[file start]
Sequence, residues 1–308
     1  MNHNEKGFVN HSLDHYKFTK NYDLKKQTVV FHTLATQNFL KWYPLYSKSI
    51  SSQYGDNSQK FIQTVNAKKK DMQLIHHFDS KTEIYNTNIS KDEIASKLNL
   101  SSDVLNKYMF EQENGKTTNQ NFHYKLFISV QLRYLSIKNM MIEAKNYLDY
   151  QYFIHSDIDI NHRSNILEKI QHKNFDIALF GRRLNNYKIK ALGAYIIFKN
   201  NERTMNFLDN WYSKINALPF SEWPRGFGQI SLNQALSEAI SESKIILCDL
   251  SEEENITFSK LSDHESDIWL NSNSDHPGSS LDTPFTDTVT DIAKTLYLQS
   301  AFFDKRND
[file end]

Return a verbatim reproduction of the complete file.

Sequence, residues 1–308
     1  MNHNEKGFVN HSLDHYKFTK NYDLKKQTVV FHTLATQNFL KWYPLYSKSI
    51  SSQYGDNSQK FIQTVNAKKK DMQLIHHFDS KTEIYNTNIS KDEIASKLNL
   101  SSDVLNKYMF EQENGKTTNQ NFHYKLFISV QLRYLSIKNM MIEAKNYLDY
   151  QYFIHSDIDI NHRSNILEKI QHKNFDIALF GRRLNNYKIK ALGAYIIFKN
   201  NERTMNFLDN WYSKINALPF SEWPRGFGQI SLNQALSEAI SESKIILCDL
   251  SEEENITFSK LSDHESDIWL NSNSDHPGSS LDTPFTDTVT DIAKTLYLQS
   301  AFFDKRND